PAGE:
Oysters Rockefeller

Malcolm Hébert, cookbook author, former food and wine editor of the San Jose Mercury News, and a gentleman of fine Louisiana stock, has this to say about this classic New Orleans dish:

This is one of the most sought-after recipes in the world. Even the ex-employees of this restaurant won't talk about how Antoine's Oysters Rockefeller are made. The closet recipe to the original was developed by Roy Alciatore, one of Antoine's previous owners, for Life magazine's The Picture Cookbook, published more than 30 years ago. While this recipe has spinach in it, I was told by Bernard Guste of Antoine's that the original recipe does not have spinach in it.
Roy Guste Jr., current fifth-generation proprietor of Antoine's, will still not give out the original Oysters Rockefeller recipe as it's still prepared at Antoine's, and it is not included in the Antoine's Cookbook. Hey, I heard the secret was green onions, not spinach ... let's give that a try with what's the best recipe I've yet come across (which makes a lot of sense), and then we'll reproduce the one to which Malcolm referred above. I bet ya like da foist one mo' betta.

This recipe purports to be a close version of one that supposedly came directly from Jules Alciatore, Roy's father. (It looks way, way better than the one that Roy supplied to Life.) Rather than using bunches of spinach, that so many of the recipes we've seen floating around, it has lots of herbs plus celery leaves, which is true to the rumor that Jules created the dish out of what happened to be lying around the kitchen, including scraps. It seems to me that the secret of this dish is the herbs -- tarragon, of course, and chervil. Use the freshest herbs you can find, and by no means ever used dried herbs for this dish.

Mince together the parsley, green onions, celery leaves, tarragon and chervil as finely as you possibly can. Take as much time as you need. Mince them more finely than anything you've ever minced in your life. Mix this together with the bread crumbs and the softened butter into a mortar and mix the whole thing together into a smooth paste, but do leave a little texture to it. (You can do this in a blender or food processor, but you'll leave a lot of it behind, stuck to the inside, and it'll be just easier to do it by hand in a mortar; you'll have an easier time getting it all out, and you'll have the satisfaction of serving something truly hand-made.) Season to taste with salt and pepper, Tabasco or Crystal and, if you like, the Herbsaint.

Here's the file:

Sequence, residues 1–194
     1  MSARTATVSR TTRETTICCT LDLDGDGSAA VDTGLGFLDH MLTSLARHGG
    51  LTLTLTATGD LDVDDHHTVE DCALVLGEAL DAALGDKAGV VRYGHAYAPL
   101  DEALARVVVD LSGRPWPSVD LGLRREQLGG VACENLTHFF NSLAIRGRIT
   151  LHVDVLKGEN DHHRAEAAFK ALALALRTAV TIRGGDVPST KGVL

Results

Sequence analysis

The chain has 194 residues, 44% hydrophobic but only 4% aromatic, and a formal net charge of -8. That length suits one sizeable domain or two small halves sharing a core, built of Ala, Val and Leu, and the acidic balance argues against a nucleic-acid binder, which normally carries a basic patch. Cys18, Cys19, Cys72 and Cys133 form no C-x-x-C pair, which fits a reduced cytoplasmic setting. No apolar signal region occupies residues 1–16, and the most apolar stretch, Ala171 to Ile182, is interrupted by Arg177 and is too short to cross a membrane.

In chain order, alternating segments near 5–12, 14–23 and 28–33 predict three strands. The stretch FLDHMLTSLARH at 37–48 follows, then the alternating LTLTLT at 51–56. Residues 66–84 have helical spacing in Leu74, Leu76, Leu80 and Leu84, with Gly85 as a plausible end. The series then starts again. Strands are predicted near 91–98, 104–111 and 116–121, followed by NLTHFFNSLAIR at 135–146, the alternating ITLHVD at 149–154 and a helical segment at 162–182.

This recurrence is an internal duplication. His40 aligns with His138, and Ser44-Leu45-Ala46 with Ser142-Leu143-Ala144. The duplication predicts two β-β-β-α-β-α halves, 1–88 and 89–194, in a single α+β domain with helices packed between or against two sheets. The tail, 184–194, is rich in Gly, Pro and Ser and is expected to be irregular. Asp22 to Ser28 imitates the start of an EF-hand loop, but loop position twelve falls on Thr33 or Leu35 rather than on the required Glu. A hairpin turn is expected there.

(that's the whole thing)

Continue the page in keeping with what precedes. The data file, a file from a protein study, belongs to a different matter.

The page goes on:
Preheat your broiler. Lower the top rack to the middle of the oven. Spread the rock salt (preferable) or kosher salt over a large baking sheet; this will keep the oysters level under the broiler, so that they won't tip over. Moisten the salt very slightly. Plant the shells in the salt, making sure they're level. Place one oyster in each shell, plus a little bit of oyster liquor. Spoon an equal amount of the prepared herb/butter mixture over each oyster.

Place the baking sheet on the middle rack and broil until the edges of the oysters have curled and the herb butter is bubbling, about five minutes. Watch carefully to make sure you don't overdo it. Serve immediately.

YIELD: Six servings of four oysters each (regular people-sized serving), or four servings of six oysters each (New Orleanian-sized serving)

Roy Alciatore's Oysters Rockefeller
(as published in Life magazine's cookbook)

Melt the butter in a saucepan. Add all the ingredients except the oysters. Cook, constantly stirring for 15 minutes. Press the mixture through a sieve or a food mill. Cool. Line six pie tins with rock salt. Set 6 oysters in the rock salt on each pie tin. Divide the topping into 36 equal portions. Place one portion on each oyster. Broil until topping is brown. Serves 6.

(Many thanks to Christopher Hébert for providing the recipe and his father's articles.)


appetizers | creole and cajun recipe page
the gumbo pages | search this site

Chuck Taggart   (e-mail chuck)